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Nowhere else

mamang dai | Updated on January 24, 2018 Published on June 26, 2015

All together now: The Buddhist gompa in Itanagar is one of the most visited tourist sites of the city. -- Arif Siddiqui

Mamang Dai

Itanagar is the secret corner I return to, and it is in this space that my writing begins

I remember a ride through the city some years ago with a friend. The road was bumpy with potholes. It was raining heavily. At the time I was wondering if I should return to settle in Itanagar for good. “Can you imagine,” I said, “living here for the rest of your life?” “Not only live... we have to die here!” said my friend with a loud shout, laughing as we rattled past the dim shops and half-constructed buildings. Another summer, so many summers later and I am still travelling to and fro on this same road that is National Highway 52A, which runs through the city of Itanagar.

In the early 1970s, with the change of nomenclature from erstwhile NEFA (North East Frontier Agency) to Arunachal Pradesh, this site in the Himalayan foothills bordering Assam was selected for a new capital. This was the birth of Itanagar and its twin city, Naharlagun, which grew around a few small villages surrounding a lake and the archaeological remains of a brick fort (hence the name Ita-nagar), dating back to the 14th century AD.

In those early days, town planners had lined the first 50km stretch of road leading into the capital with rows of Bauhinia trees and bougainvillea, but obviously rapid changes have transformed the landscape. Today the speed of time is visual. One day there is the outline of the mountains, the next it is wiped out by a wall of concrete. Buildings rise up, collapse in the monsoon floods, and rise up again fortified with retaining walls. A motorcycle roars past. An old man wearing a solid cane hat and necklace of red and yellow beads walks slowly up the steep street.

Itanagar is a story of overlapping time periods, of an era gone and one in transition, as the city beckons one and all, like a beacon pointing towards the future. It is, after all, the seat of government and power.

For a journalist this was the place to be to cover news of the state. In 1987 Arunachal Pradesh gained statehood and I have been living here since 1991. Back then the media fraternity was small and we had our work cut out. Those were hectic days, rushing to meet deadlines, working against wind and weather, with power lines snapping and stories being trapped mid-air. I used my father’s typewriter, shouted into the phone and did some bad driving on these roads. Now, of course, things are different. I have since abandoned that Ambassador Nova and spend more time watching TV than doing any reporting.

Sometimes the thought crosses my mind — maybe it’s time to move on, to... elsewhere? I know people say: nothing like your own place. Where else can you feel so at home? The thing is — one can. People transplant. I read Julio Cortazár: “I realised that searching was my symbol, the emblem of those who go out at night with nothing in mind, the motives of a destroyer of compasses.”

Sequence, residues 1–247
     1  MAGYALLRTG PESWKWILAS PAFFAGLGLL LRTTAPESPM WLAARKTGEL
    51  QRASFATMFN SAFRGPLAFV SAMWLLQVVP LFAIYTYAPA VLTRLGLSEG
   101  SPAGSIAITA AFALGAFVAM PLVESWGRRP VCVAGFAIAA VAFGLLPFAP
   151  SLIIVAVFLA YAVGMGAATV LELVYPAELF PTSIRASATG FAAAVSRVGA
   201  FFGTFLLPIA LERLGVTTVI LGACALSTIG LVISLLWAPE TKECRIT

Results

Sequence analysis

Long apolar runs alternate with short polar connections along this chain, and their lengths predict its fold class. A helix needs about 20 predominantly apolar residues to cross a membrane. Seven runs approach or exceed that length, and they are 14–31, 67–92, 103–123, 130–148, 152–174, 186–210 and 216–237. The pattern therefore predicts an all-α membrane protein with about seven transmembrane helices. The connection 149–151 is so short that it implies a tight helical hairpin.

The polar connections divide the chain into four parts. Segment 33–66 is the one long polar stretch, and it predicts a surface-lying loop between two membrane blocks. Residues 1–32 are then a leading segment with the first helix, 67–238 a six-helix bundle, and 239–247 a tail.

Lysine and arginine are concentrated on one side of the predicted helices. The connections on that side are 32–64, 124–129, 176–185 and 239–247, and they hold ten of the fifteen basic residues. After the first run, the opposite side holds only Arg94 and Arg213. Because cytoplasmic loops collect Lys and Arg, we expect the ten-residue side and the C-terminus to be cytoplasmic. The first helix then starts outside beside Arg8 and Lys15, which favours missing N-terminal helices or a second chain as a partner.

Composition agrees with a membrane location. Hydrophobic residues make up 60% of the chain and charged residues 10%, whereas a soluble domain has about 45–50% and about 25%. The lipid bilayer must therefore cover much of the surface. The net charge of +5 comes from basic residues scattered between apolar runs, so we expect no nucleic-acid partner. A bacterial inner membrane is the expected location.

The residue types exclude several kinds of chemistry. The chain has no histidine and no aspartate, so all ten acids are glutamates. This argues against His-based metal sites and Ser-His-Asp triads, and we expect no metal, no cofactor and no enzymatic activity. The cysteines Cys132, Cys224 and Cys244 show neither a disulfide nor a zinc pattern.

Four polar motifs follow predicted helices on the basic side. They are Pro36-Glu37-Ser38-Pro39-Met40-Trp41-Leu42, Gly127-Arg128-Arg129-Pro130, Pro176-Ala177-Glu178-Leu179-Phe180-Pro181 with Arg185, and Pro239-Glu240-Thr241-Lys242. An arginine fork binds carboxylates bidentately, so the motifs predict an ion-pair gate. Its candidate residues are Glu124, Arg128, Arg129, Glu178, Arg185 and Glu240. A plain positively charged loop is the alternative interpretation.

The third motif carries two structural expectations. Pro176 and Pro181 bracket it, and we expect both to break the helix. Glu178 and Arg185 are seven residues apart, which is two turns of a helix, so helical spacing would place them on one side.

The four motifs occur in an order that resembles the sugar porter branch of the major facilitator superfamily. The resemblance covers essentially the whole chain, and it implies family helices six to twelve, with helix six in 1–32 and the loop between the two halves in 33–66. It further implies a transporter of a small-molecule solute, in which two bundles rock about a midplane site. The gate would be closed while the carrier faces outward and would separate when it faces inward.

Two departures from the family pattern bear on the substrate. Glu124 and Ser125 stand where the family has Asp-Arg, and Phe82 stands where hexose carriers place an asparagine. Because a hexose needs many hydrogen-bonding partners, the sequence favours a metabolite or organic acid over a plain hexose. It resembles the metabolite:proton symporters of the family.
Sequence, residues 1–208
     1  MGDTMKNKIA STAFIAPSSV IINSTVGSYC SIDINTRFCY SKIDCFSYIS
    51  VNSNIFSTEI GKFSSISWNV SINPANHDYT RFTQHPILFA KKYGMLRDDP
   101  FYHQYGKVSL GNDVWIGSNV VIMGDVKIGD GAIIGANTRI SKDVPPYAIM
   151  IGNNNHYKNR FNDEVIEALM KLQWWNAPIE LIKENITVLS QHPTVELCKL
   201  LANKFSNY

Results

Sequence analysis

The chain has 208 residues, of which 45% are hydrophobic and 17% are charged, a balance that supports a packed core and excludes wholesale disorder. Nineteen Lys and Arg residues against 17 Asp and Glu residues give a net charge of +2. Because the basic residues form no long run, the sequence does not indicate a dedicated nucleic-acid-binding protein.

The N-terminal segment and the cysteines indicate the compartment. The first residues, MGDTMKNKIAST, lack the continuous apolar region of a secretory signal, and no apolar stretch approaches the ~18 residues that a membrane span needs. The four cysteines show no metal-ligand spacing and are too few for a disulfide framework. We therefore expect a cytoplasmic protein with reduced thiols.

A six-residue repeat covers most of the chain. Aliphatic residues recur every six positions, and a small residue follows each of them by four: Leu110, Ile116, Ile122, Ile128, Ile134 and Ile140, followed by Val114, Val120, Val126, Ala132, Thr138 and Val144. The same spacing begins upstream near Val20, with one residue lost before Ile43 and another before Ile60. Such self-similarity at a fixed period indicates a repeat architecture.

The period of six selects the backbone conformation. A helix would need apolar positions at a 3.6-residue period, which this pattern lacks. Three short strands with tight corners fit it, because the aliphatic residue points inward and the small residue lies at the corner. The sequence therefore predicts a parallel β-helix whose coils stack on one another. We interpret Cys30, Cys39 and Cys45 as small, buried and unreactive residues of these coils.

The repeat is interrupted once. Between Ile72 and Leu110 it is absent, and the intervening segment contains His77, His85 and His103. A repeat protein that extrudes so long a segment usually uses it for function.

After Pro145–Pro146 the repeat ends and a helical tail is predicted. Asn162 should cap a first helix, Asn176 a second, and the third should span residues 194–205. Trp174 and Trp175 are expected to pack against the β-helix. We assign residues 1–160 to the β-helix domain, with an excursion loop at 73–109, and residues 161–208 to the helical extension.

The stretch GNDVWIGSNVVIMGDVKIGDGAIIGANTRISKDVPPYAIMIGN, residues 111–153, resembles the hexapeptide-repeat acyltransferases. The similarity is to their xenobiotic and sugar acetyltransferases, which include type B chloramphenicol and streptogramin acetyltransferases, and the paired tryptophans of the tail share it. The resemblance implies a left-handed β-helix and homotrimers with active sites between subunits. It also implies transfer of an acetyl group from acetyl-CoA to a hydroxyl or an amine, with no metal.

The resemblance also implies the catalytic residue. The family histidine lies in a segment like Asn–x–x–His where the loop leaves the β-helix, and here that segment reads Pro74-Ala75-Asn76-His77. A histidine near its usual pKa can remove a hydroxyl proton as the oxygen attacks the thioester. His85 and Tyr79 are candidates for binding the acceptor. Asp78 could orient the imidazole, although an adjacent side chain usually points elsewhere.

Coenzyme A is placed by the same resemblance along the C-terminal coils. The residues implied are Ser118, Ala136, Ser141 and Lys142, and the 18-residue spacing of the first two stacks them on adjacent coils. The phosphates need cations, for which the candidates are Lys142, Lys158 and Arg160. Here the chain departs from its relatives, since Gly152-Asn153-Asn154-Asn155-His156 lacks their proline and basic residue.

There was a time I scrutinised maps like an explorer in the small library of my hometown of Pasighat. I yearned to live near the sea. I could pack my bags today. But these are emotions and emotions get knocked about, influenced, altered. Deep in my heart I know I would not want to live anywhere else. Every day I drive along this road gritty with sand and gravel. A huge new construction at a turning creates a bottleneck. Take a deep breath. What lies behind all this? Beyond the flow of traffic and people the mountains are green and mysterious. They stretch ever northwards into snow-covered peaks. More than anything else I think it is the indescribable aura of the land that makes me stay on. This is the one place on earth where I recognise everything about the landscape. More importantly, it is the entrance to a different place, another dimension that is the place of ‘feeling.’ It is the secret corner I return to, and it is in this space that writing begins.

Here there is no happiness of meeting family members with open arms. It is a more solitary reunion. The outline of the hills, the river, the green landscape — amazing! Clouds, mountains, sky-touching trees — amazing! My heart embraces this.

From my window I can see green trees and the wilderness of the garden. The sun glimmers for a moment in the western sky. It is like a glimpse of the sea. Someone calls from the gate. The dogs create a ruckus and the white geese start honking. Festivals of different communities of the state and nation are celebrated here. Friends and relatives turn up with food parcels. In ‘C’ Sector market the women selling vegetables ask me, “Have you been away?” I am happy to say — “Only a little distance, and back.” There is family here, and the presence of small children. Sometimes I go whale-hunting with them in the North Atlantic, shouting like an assassin on a playstation. Within the confines of hill and home I wonder if this is what the mystics talked about… this must be the ‘happiness of the drop’.

(In this monthly column, authors chronicle the cities they call home.)

(Mamang Dai is a poet, novelist and journalist. She is also the author of The Black Hill)

Published on June 26, 2015
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